In our recent podcast for Catan Junior, we discover that I can’t really do a pirate accent. It sounds easy, sure! Anyone can spit out a “Piece of Eight! Aaar!!”, but now that you’re acting grizzled and surly for a sentence, it will occur to you that ‘Pirate’ isn’t really an accent. It’s a way of talking. It’s a speech pattern, with clear defined lingo. A good pirate accent has another accent sprinkled ontop of its grog-swigging surliness. This I discovered as I floundered between ‘Russian Space Pirate’ and tipped a bit into ‘Lucky Charms Pirate’. I wish I could have had more takes to do that right, but we aim for spontaneity, not realism. Aaarg.
So how is Catan Junior? The consensus of the group is that we like it, with Brian Tully’s lone dissension of “I’ll never play it again, unless you force me to. Cruelly.” So, yes, it’s fun, but I suppose you should be careful who you buy this game for, and who you pull this game out to play with. We spend a good chunk of the podcast talking about the branding of this game, since the game is a fun way to play a simple game of Catan without getting mired into too many details. Had this game not been tied to the Catan brand, it wouldn’t need to call itself a game for kiddies, since there’s no reason why adults can’t enjoy it. It just happens to be simple enough for kids in Junior High ton enjoy as well.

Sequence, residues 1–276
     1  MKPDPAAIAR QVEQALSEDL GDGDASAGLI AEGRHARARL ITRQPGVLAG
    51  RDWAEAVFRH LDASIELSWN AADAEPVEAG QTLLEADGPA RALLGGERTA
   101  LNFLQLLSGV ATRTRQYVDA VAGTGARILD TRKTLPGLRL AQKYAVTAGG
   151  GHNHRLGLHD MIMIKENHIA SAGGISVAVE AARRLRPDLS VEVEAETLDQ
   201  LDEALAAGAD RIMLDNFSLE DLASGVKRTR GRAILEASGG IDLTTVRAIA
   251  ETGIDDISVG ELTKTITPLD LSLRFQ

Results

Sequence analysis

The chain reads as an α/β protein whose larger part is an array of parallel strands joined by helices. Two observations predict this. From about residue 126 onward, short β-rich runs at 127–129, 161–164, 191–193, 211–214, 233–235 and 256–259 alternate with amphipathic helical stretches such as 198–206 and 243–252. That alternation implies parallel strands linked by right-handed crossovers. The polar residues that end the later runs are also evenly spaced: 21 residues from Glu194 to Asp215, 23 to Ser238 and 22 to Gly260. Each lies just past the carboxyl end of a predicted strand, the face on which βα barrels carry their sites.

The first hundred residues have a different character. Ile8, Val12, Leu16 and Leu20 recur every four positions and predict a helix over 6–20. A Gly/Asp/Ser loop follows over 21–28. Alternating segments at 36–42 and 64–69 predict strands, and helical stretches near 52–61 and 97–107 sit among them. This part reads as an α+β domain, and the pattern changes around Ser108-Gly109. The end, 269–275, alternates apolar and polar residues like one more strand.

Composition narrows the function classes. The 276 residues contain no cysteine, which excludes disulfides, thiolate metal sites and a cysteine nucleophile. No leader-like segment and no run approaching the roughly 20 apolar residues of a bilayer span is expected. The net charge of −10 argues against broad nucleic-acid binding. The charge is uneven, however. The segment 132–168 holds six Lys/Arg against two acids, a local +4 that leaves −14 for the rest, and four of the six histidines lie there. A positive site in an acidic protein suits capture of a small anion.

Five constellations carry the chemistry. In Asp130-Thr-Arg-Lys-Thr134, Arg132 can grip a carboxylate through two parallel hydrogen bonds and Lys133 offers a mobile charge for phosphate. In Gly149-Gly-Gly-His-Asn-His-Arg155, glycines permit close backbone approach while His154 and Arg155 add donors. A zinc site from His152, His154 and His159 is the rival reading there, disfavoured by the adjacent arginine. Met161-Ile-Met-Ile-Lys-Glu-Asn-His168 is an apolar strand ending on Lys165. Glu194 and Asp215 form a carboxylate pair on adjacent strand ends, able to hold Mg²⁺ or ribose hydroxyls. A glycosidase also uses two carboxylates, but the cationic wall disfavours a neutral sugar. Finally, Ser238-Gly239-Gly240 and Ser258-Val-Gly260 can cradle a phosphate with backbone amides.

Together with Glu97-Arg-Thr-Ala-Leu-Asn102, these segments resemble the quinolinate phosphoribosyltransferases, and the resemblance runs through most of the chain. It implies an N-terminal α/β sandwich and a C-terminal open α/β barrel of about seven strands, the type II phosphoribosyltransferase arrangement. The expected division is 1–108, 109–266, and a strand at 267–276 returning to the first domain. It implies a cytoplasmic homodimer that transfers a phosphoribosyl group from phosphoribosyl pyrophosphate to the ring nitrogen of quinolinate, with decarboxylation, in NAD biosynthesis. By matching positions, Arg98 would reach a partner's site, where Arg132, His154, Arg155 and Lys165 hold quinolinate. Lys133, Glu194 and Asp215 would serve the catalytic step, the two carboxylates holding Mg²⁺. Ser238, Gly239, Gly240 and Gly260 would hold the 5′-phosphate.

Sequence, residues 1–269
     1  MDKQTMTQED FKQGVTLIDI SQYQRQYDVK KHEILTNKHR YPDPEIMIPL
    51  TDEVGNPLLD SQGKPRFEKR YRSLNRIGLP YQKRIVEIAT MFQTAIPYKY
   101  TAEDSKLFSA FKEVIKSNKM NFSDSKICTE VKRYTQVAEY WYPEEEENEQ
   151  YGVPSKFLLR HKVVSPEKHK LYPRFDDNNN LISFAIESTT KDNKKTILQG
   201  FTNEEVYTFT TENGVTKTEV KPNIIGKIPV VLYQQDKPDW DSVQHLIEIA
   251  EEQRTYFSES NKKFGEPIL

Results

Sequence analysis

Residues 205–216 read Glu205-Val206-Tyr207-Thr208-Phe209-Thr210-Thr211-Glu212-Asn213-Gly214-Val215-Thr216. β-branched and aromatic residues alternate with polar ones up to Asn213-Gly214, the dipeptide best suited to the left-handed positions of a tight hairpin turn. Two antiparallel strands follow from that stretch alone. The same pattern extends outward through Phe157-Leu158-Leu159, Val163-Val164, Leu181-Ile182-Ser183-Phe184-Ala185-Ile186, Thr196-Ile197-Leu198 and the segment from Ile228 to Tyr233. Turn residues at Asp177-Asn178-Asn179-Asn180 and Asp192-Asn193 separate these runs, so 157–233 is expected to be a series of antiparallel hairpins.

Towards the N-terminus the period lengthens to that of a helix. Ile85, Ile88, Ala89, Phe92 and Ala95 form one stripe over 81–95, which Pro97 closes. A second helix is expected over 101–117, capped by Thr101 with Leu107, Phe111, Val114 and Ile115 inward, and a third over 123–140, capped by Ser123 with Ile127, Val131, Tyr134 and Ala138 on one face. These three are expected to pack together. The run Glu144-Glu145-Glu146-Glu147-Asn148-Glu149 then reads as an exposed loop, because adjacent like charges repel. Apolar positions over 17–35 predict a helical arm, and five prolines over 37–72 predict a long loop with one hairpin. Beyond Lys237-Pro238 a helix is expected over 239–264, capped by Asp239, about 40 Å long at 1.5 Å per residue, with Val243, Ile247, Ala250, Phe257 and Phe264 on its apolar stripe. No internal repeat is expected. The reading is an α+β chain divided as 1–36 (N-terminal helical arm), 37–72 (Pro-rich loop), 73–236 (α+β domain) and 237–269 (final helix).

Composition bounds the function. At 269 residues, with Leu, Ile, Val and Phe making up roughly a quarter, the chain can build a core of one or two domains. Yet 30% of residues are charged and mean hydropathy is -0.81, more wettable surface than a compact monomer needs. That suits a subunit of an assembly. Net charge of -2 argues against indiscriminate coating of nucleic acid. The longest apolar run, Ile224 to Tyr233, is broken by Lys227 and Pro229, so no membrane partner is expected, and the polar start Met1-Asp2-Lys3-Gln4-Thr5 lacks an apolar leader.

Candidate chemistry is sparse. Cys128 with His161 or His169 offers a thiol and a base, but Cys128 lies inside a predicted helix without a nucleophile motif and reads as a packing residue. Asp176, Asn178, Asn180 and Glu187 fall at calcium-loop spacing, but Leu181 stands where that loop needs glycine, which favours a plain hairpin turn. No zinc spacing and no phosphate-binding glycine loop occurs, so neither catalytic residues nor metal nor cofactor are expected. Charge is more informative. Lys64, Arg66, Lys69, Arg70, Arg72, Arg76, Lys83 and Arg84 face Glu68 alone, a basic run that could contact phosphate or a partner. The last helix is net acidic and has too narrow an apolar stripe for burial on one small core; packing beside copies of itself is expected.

Of course, the devil be in the details. Beware, scallawags! If ye dinnae be a clan of sopping landlubbers, and think ye man enough to hornswaggle Ol’ Davie, then straighten yer monkey jacket, ready yer cockswain and click on this link. But be ye warned! Ye set sail for Spoooky Island!